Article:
It was a beautiful night to share about creator God.

It was a beautiful night to share about creator God.

During our second expedition, we visited a different location, one that we’ve been to in the past. We reconnected with a couple of Mucubal families that have now seen Overland Missions’ team return to them at least four times. They are always touched to be remembered. We shared another meal with another 40 or so people, and the Word of God was delivered again. The response? “We’ve never heard this before! What you’re telling us, we’ve never heard of. We need to know more about this. Please come back soon.”

These two expeditions have given our long-term vision here a massive kick-start. We were so encouraged to be warmly and curiously received. We loved how many questions we were asked. Deep questions, that we have deep and truthful answers to. We found the Mucubal we met to be so much fun. Our kids played with theirs, and they played with us, joking around as we took and shared photos, and we all laughed as we attempted to pick up some more Mucubal vocabulary!

Our team will be returning to Virei soon. The doors to the tribe have been opened by the tribal chief and the local authorities. The local church is in support of reaching the Mucubal tribe. We pray now for the unquenchable fire of the Lord to touch lives, and for revival to break out in the people!


Today was awesome. This morning we got to connect a little with some of the people that we came to Angola to serve, the people of the Mucubal tribe! David and I are still digesting much of what we learned in just a few hours spent getting to know some new friends, but needless to say, we are excited!

We packed up the kids this morning and drove a couple of hours away from Namibe, into the desert to a small town called Muninho. We met up with a native missionary couple, who are working on an oral Bible translation project with the Mucubal. In Angola, the missionary community is small, and usually works together really well, so we were thrilled to be able to get to know this couple and the work that they are doing. We learned a lot about the culture of the Mucubal, and our first few words of their language!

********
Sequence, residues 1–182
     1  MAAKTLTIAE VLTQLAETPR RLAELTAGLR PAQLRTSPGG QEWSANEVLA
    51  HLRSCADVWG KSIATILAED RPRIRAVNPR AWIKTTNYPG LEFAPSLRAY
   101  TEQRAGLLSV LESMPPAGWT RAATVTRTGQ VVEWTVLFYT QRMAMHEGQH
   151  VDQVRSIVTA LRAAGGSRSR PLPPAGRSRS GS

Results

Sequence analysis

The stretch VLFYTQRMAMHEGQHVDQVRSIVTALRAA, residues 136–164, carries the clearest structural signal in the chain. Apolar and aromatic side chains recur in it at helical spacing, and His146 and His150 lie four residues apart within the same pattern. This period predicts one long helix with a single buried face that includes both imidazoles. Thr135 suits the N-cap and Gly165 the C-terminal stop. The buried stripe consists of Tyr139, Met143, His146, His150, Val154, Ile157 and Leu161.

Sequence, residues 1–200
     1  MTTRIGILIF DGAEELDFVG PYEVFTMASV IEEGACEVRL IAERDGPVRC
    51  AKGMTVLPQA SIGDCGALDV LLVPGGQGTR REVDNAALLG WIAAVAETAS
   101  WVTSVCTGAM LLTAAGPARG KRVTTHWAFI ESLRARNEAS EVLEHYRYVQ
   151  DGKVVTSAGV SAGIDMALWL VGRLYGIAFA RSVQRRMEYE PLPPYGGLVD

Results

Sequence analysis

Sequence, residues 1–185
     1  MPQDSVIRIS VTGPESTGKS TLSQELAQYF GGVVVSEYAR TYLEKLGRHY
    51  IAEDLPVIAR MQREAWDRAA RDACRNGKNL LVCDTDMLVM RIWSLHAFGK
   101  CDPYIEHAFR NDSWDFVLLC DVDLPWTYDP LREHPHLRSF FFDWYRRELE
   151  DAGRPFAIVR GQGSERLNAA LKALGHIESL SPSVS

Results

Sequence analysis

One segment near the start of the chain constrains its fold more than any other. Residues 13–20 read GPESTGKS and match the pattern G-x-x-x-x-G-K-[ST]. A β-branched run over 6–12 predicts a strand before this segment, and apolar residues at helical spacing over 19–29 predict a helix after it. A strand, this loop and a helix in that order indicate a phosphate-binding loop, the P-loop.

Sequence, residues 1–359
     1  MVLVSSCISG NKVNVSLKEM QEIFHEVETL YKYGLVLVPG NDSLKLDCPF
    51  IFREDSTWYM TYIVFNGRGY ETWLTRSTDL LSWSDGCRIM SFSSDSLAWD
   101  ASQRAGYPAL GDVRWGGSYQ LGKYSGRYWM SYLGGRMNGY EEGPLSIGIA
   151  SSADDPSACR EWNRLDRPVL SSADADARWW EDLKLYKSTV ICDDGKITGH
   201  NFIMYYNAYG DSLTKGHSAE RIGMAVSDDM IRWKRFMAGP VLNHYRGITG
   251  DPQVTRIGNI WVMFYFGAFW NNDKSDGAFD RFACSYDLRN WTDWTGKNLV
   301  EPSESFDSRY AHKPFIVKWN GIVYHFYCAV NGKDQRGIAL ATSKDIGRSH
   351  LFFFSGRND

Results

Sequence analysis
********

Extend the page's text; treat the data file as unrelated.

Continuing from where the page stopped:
“Ocamine” means “Good Morning”, written in Fiona phonetics given that there’s no written language for Mucubal. Note taking is going to be interesting as we learn!

I’ll let a few pictures do the rest of the talking…

Our gathering

Apologies that I failed to capture a couple of people’s heads in this picture! I was trying to demonstrate that throughout the morning, our group represented people from four countries and three tribal groups. We spoke in three languages in total. No wonder we were tired on the way home!

Today the group are discussing on how best to translate Jesus' death on the cross, and are lead by our new friend Sebastião. Translation takes place word by word, with some words causing much more difficulty than others!

Today the group are discussing on how best to translate Jesus’ death on the cross, and are lead by our new friend Sebastião. Translation takes place word by word, with some words causing much more difficulty than others!

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Our group: us, our native missionary friend, and three of his Mucubal translators that are working on an oral Bible translation. Why an oral translation? Because Mucubal isn’t a written language. Not even a written alphabet exists yet!

Getting to know Angola's tribal languages is a huge mission, but an absolutely necessary one, as many of the speakers don't speak a language that already has a Bible translation. This diagram was put together by our friend Linda who conducts language surveys and assesses Bible translation needs. It shows overlaps with other language groups and shared likenesses between ethnic groups. Her work is really useful for people like us, who come in to work with a tribe , as from her reports, we can gain an understanding of the context of a culture. The Mucubal tribe, that we are initially focussing on, fall under the Kuvale group.

Getting to know Angola’s tribal languages is a huge mission, but an absolutely necessary one, as many of the speakers don’t speak a language that already has a Bible translation. This diagram was put together by our friend Linda who conducts language surveys and assesses Bible translation needs. It shows overlaps with other language groups and shared likenesses between ethnic groups. Her work is really useful for people like us, who come in to work with a tribe , as from her reports, we can gain an understanding of the context of a culture. The Mucubal tribe, that we are initially focussing on, fall under the Kuvale group.

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Ivy got in on the act of sandal making while Pedro worked on a new pair of leather flip flops from a piece of cow hide and a couple of round stones.

The girls did their thing and made new friends too. Everyone loves to color, right?

The girls did their thing and made new friends too. Everyone loves to color, right?

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Faith and Ivy were in love with the puppies that were tucked back there by the water tank!